Views of public sought on two-tier libraries

Have your say

YET more of the region’s libraries could be closed or have their opening hours cut after a consultation by a Yorkshire council on making its service “efficient and sustainable” was announced yesterday.

Barnsley Council said that it would be asking people in the town for their views “on the future priorities for the library service”, in a public consultation which is set to run for the next 12 weeks.

The consultation documents suggest that the 17 libraries in Barnsley will be split into two types – nine “community libraries” and seven smaller “neighbourhood libraries”, which could be run by local organisations.

Kendray Library, meanwhile, which is currently only open on three afternoons and one morning a week, would close.

A spokesman for Barnsley Council said yesterday: “Together we need to make sure we focus on the right things that matter so that the service goes from strength to strength.

“The ‘Future Libraries Strategy’ will see the council continuing to provide a comprehensive library service to all residents, while ensuring that it is more relevant, efficient and sustainable.”

This announcement comes at a time when Barnsley Council is facing almost £16m of spending cuts in the current financial year.

The consultation period on the proposed library service changes will run until Monday, July 1.

Within the consultation documents, residents are asked by the authority if they know of any “organisations, community groups, premises owners or individuals that would be interested in working with us” or if they would be interested in getting involved with the council’s library service themselves.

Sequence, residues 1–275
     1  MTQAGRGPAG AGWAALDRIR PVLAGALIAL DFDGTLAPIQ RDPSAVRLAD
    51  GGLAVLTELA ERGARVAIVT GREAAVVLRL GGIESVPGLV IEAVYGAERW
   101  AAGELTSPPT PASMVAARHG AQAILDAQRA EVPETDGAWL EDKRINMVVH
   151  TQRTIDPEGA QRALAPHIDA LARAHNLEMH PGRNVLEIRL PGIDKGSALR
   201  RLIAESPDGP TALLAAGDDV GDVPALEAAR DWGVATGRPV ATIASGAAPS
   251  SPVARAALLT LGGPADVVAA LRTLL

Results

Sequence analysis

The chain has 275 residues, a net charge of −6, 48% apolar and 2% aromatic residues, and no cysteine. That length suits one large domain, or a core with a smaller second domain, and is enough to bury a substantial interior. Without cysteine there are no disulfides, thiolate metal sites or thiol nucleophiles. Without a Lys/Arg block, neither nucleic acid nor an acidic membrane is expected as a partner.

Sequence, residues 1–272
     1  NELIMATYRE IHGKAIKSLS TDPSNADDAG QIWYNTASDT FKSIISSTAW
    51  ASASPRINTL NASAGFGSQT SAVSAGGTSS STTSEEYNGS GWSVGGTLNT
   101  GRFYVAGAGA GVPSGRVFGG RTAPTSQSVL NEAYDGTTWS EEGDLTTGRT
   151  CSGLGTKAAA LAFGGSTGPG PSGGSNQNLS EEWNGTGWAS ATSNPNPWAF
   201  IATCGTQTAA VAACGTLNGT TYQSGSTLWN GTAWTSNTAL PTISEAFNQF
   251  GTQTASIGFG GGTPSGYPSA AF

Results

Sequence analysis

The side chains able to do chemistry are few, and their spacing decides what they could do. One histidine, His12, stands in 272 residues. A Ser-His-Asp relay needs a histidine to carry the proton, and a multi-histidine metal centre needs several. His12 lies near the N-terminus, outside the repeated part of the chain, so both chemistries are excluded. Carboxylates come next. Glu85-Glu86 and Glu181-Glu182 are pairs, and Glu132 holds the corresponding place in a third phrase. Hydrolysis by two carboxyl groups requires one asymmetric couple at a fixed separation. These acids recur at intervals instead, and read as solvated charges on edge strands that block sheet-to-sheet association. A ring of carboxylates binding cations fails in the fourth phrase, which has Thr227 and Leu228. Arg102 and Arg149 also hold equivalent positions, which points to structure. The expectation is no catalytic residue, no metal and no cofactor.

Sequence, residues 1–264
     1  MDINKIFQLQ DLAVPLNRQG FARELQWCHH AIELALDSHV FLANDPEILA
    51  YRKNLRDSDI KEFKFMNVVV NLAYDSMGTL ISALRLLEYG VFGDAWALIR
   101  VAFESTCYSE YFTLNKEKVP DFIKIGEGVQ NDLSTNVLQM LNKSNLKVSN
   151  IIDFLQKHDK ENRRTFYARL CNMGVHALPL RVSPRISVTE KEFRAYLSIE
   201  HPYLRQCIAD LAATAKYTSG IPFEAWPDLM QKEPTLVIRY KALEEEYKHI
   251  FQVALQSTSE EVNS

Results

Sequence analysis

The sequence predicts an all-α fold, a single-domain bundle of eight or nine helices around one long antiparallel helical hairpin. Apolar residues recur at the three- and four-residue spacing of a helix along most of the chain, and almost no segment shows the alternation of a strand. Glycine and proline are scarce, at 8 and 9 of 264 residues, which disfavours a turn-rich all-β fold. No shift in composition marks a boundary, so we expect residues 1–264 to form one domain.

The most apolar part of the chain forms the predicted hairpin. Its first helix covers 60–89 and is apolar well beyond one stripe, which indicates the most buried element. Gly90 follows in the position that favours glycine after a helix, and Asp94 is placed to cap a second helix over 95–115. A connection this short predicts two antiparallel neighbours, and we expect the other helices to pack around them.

Part of the consultation involves commenting on the proposed changes to library opening hours.

Of the 16 libraries that would remain open, 10 would have their opening hours slashed. Only branches in Goldthorpe and Penistone would have their opening hours increased.

Proposed community libraries – in Barnsley town centre, Cudworth, Goldthorpe, Hoyland, Mapplewell, Penistone, Royston, Wombwell, and the Roundhouse in Athersley – would have a full book stock, a range of activities and access to meeting rooms.

These libraries would be open during the week, and on Saturday mornings.

It is unclear, meanwhile, whether or not those libraries downgraded to neighbourhood libraries – in Darfield, Dodworth, Grimethorpe, Monk Bretton Thurnscoe, Worsbrough and the Priory campus in Lundwood – would remain open at all, unless other organisations are found to run them.

If they do remain open, the plan is for those libraries to operate on reduced hours and also have a “smaller book stock”.

Coun Jenny Platts, Barnsley Council’s spokesman for adults and communities, said yesterday: “As the cabinet member responsible for libraries, I share a passion that many people across Barnsley have for their local library and am determined to deliver a first-class service that provides safe, accessible and friendly spaces at the heart of our borough’s communities.

“This strategy clearly sets out the aspirations Barnsley Council has for the library service over the next three years and the plan in this document is key to ensuring we achieve these.

“I would encourage people to participate in the consultation process and share with us ways in which we can work together to secure a positive future for the service.”

After a similar consultation ran in neighbouring Sheffield, it was announced that 14 of the city’s 27 community libraries would be closed unless third-party organisations could be found to take them over instead.

The city’s ruling Labour administration said that it had no choice but to make the cuts, after being forced to save £1.6m from the £6.8m library budget as part of £50m cuts in the coming year.

Sheffield Council has not yet announced which of the city’s libraries could be set to close.

Meanwhile, events will be held at Rotherham’s new central Riverside library on Tuesday, April 23, to mark its first birthday.

Activities will include art workshops, performances from pianist Graham Cowley and a writers’ drop-in session.